Delaware Senate passes assisted suicide legislation on second attempt

assisted suicide

UPDATE 6/26/24: Just days after the Delaware Senate failed to pass HB140, the state’s assisted suicide bill, lawmakers reconvened and passed the bill with an 11-10 vote on a second go-around. Pending Democratic Governor John Carney’s signature, the bill will legalize assisted suicide in the state.

The deciding vote was Sen. Kyra Hoffner, the bill’s sponsor. Hoffner had declined to vote last week after hearing testimony from fellow Democrats who were opposed to the bill, but said she spent the weekend reflecting and talking to supporters, which resulted in her affirmative vote.

“I’m sorry that I did not vote Thursday like I wanted to,” Hoffner said. “It has been a very emotional weekend for me.”

The National Association of Pro-Life Nurses (NAPN) sent a statement denouncing the bill’s passage.

“Delaware has chosen death over dignity, despair over hope,” lamented Dorothy Kane, NAPN President. “This law doesn’t just fail patients—it betrays them. It transforms healers into killers and homes into death chambers. We urge Governor Carney to veto this legislation immediately.”

“Make no mistake—this bill preys on the desperate and devalues the disadvantaged. It whispers ‘die’ to those society finds inconvenient, offering poison as a perverse form of mercy,” added Marie Ashby, NAPN Executive Director.

“Legitimate healthcare heals; it doesn’t kill,” Ashby continued. “This law perverts our profession’s sacred duty, turning nurses from guardians of life into agents of death. We will not be silent. We will not comply.”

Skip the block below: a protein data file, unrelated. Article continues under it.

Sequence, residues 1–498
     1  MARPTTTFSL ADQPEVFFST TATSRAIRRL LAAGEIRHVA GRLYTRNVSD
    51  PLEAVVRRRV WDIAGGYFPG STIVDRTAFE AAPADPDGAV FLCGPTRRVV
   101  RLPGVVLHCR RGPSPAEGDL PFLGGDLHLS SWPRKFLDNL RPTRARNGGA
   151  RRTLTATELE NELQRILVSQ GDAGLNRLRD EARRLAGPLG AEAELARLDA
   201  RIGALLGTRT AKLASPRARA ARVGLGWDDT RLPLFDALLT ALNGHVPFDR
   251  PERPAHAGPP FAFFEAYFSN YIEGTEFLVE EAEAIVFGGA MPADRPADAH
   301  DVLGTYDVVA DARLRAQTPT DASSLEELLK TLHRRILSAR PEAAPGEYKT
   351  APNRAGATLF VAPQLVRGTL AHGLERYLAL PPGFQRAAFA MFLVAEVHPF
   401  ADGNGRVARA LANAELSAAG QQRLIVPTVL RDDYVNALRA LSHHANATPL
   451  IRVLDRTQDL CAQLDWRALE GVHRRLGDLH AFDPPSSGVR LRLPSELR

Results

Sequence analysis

6/25/24: Lawmakers in the Delaware Senate last week failed to pass a bill that would have allowed assisted suicide in the state, though there is a chance that the bill can soon be reintroduced for further consideration. It previously passed the state House in April.

The bill received a 9-9 tie vote, failing to clear the majority threshold needed for passage after three Democratic senators joined their Republican counterparts in opposition. According to the Associated Press, at least one of the Democratic ‘no’ votes could have been strategic, as there is now a chance for the bill to be reintroduced this week, as per the AP, “under Senate rules, a motion for reconsideration can be made by a member who voted on the prevailing side, which in this case includes the ‘no votes’ and members not voting.”

“Life and death is not without its own challenges, but I don’t believe it needs to be legislated,” said Sen. Nicole Poore, a Democrat who opposed the bill. “I’m a firm believer in choice, but I don’t know one doctor who can correctly deliver a death date,” she added. “In other states where they have this, they’re already talking about ‘their worth is not of value’ when it comes to people with disabilities.”

The legislation would have allowed a resident of Delaware who has been diagnosed with a terminal illness and given less than six months to live to request assisted suicide drugs. Two oral requests would be required, along with a written request after a 15-day waiting period. The drugs would need to be administered by a doctor or advanced practice registered nurse. Though proponents of such legislation always applaud such regulations as “safeguards” to ensure the legislation is not abused, such regulations are almost always eventually loosened or repealed.

READ: 5 biggest lies the abortion industry has told since Roe v. Wade was overturned

“Should this become law, guardrails can be uninstalled, and modified,” warned Democrat Sen. Spiros Mantzavinos, who opposed the bill. “I am troubled by the pressures individuals may face. It’s documented that the last two years of life are the most expensive. These sorts of things can distort the decision-making process.”

Though the bill did fail, the Delaware Catholic Advocacy Network is warning its followers that the legislation could soon be brought back for consideration.

“It is our understanding that there is an effort under way to pass a motion to rescind the roll call and restore the bill and bring it back before the Senate for consideration,” the advocacy network said in its alert. “Please email and/or call members of the Senate to urge them to vote against the motion.”

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